Pearson Spends “Hundreds of Thousands” to Influence Florida Politicians

From WFTV and the work of investigative reporter George Spencer:

Despite scoring problems and student failures, the state is paying Pearson $249 million for five years of tests and grading. WFTV also found that Pearson spend hundreds of thousands to influence those same leaders.

“Public education is open for business. Whoever the best bidder is, you can come in and administer our test for us,” said parent Rebecca Newman. “It’s ridiculous!”

WFTV studied public records and discovered that since 2007, two years before getting its current contract, the International Pearson Incorporated has spent at least $580,000, and possibly as much as $800,000 on lobbyists in Florida’s capital.

But Pearson’s quarterly spending often put it in the highest tier of lobbyist spending by firms in any sector.

Lobbyists are paid to advocate their clients’ interests in the halls of power, meeting face-to-face with lawmakers. They’re known to be persistent, sometimes returning time and again to make their case.

Pearson’s money went to Uhlfelder and Associates.

According to the group’s website, it was named “one of the top lobbying firms in Florida by Influence magazine.”

The group claims to have “extraordinary knowledge of the people, the policies and the processes of Florida government to “get the results our clients demand.”

“Should the state cut its ties with this company?” Spencer asked.

“I absolutely think that we should cut out ties,” said Representative Geraldine Thompson.

Thompson, a longtime educator, was already troubled by Pearson’s late grading debacle in 2010, an avalanche of writing test failures this year and concerns about test questions with more than one right answer.

WFTV learned that other education firms also use lobbyists.

Uhlfelder said he was chosen as lobbyist for his educational expertise and that his lobbying work had no impact on Pearson’s FCAT contract. Pearson said its reputation for educational excellence allows them to use lobbyists only to inform and advise elected officials.

About Bob Sikes

A long time ago and a planet far, far away I was an athletic trainer for the New York Mets. I was blessed to be part of the now legendary 1986 World Series Championship. My late father told me that I'd one day be thankful I had that degree in teaching from Florida State University. He was right and I became twice blesses to become a teacher in the late 1990's. After dabbling with writing about the Mets and then politics, I settled on education.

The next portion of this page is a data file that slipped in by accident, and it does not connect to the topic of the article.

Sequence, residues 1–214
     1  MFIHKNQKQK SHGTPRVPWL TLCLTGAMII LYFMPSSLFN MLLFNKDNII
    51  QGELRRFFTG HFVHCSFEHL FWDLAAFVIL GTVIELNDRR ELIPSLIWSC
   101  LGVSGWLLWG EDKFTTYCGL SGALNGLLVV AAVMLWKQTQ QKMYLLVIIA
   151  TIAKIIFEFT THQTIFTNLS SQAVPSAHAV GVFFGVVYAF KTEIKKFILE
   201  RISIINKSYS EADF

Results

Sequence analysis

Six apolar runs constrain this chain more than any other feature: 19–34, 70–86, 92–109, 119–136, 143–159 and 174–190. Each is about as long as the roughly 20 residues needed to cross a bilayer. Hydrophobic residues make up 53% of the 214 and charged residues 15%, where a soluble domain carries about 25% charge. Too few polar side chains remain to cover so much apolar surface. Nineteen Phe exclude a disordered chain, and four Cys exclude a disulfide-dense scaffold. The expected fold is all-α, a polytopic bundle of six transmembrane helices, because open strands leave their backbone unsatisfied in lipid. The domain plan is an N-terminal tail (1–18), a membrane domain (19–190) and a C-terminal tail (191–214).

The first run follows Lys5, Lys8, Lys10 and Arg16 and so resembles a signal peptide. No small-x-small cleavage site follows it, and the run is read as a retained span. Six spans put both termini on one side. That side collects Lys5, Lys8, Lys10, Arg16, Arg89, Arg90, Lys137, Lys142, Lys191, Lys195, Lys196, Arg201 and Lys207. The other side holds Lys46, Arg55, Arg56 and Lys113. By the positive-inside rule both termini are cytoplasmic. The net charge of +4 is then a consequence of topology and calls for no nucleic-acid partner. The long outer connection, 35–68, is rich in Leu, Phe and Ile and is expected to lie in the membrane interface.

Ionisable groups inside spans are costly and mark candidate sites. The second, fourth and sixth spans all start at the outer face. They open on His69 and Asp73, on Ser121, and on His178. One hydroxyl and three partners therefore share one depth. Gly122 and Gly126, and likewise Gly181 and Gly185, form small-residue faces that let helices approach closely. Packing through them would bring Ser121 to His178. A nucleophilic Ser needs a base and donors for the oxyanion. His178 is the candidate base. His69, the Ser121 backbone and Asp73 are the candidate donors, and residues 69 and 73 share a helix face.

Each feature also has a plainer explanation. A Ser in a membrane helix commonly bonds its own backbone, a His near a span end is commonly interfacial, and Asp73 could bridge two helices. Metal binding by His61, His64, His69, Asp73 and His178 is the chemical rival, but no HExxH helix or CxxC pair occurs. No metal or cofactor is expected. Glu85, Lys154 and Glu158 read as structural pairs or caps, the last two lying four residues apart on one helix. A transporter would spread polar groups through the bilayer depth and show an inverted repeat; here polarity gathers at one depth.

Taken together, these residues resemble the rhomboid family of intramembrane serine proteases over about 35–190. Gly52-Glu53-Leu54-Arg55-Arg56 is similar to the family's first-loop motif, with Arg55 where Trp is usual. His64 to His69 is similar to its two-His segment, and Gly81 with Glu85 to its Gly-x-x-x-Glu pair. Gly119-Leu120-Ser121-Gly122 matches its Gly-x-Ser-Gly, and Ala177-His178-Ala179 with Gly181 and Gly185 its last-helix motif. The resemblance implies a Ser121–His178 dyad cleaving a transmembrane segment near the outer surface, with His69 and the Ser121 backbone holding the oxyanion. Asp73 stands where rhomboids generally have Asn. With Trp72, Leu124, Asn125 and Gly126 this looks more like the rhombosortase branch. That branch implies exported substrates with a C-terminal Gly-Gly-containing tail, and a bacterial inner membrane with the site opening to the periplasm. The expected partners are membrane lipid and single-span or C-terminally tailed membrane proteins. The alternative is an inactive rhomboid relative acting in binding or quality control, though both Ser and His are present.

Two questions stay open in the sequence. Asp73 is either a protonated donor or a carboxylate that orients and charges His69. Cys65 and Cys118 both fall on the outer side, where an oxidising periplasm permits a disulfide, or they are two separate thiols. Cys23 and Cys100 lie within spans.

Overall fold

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3 Responses to Pearson Spends “Hundreds of Thousands” to Influence Florida Politicians

  1. R.A. Sanders says:

    My personal experience as part of the MDCPS Social Studies Textbook adoption committee saw this whole thing play out. There were six textbooks approved by the state for us to review for adoption- this year for Social Sciences. Our committee vetted these 6 books and went through an extremely tedious review process. In the end, we selected the Pearson book- not for favoritism as I am very concerned over the growing Pearson influence. Their US History textbook was just the very best and exciting to see all of the various online sources available to teachers and students.
    It was a unanimous decision by very experienced educators in this subject matter. I was excited about our new textbook as we will begin EOC testing next year. We were recently informed that our choice was not the choice the district will be purchasing…back door deals and free stuff thrown in – so the super made his decision on who offered the best price – not the quality of the resource. Our super never taught US History but made a financial decision. I teach US History and his decision now impacts the potential of my scores on the EOC exams….When will anybody ever listen the expertise of professional educators ??????

  2. ahuntingtonteacher says:

    I’m going to repost this on Parents, Kids, and Testing. I should say, “try to repost”. Ask them why they need to lobby if their tests are so good anyway.

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